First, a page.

Ryan Lester is an Advocacy Intern at Campus Progress
Speaker of the House Nancy Pelosi announced the “Green the Capitol” initiative in 2007 in order to demonstrate that the House was ready to back its talk on green energy with change. The initiative made plans to make the House carbon-neutral by the end of the 110th Congress, cut overall energy consumption, and transform the Capitol into a model of sustainability for the nation. But has it succeeded? Campus Progress recently partnered with Green the Capitol to host a tour of the House’s new green technology.
Green the Capitol was established with the broad goal of transforming the Capitol into a working, effective model for sustainability. Congressional leaders realized they would have to match whatever legislation was passed with reforms of their own within Capitol Hill after a study developed by the GAO found that the operation of the House complex was responsible for approximately 91,000 tons of CO2 emissions, roughly equal to the emissions of 17,200 cars, in 2006. Speaker Pelosi quickly directed Daniel Beard, Chief Administrative Officer, to begin greening the Capitol.
The plan initially faced opposition, but the leadership of Dan Beard and Nancy Pelosi has been instrumental in ensuring the plan’s implementation, notes Alison Rogers, Green the Capitol Education and Outreach Coordinator. Green the Capitol realized they would have to re-frame some of the arguments for sustainability to bring the key “drivers” on board, shifting focus from Environmental benefits to cost-saving and health improvements.
One of the key components of the plan involves raising awareness of environmental issues among Congressional staff. Simple things like turning off lights and computers can cut vast amounts of energy waste. In addition, most incandescent bulbs in the House have been replaced with compact fluorescent lights.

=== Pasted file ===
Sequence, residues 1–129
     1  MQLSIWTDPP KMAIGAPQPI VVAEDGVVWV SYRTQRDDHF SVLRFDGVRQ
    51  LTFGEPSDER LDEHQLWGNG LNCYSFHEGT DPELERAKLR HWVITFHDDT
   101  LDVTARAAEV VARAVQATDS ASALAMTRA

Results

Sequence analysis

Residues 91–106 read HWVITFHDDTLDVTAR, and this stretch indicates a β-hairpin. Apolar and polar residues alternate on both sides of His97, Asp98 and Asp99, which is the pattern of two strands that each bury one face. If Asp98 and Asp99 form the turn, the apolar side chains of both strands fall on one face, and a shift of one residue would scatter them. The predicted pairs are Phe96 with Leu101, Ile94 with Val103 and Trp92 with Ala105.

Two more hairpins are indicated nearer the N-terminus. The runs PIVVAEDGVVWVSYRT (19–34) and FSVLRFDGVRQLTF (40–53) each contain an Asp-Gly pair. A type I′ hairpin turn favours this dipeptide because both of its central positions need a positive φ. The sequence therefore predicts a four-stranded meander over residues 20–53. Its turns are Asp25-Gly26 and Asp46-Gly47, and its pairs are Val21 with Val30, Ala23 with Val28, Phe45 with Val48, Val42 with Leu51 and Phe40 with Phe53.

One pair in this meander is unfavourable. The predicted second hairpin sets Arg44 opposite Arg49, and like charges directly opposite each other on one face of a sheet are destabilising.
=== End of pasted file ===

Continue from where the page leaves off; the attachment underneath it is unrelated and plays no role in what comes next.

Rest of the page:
Those who attended the Campus Progress event got a first hand look at changes made in the Cafeteria to reduce environmental impact and energy waste; the Cafeteria’s menu now consists of local, organic foods, food is served in compostable plastics and containers, a pulper is used to reduced the volume and weight of waste, and compostable waste is diverted from landfills to compost facilities. The energy that cannot be immediately switched over to renewable sources is offset with purchases from the Chicago Climate Exchange.
However, there’s still a lot left to be done. Rogers stated that Green the Capitol would like to shut down the Capitol Coal Plant and begin powering Capitol Hill with natural gas, but is stuck in the “process” of doing so. This power plant was shut down by 2,500 activists on March 2nd during Capitol Climate Action, which coincided with Powershift ’09. Rogers noted that activism like this could act as the “tipping point” for environmental reforms, both in Congress itself and in the way it is run. Hopefully, the changes made by the Green the Capitol initiative will not only help the environment but also help to tip the scales for the climate legislation currently in Congress.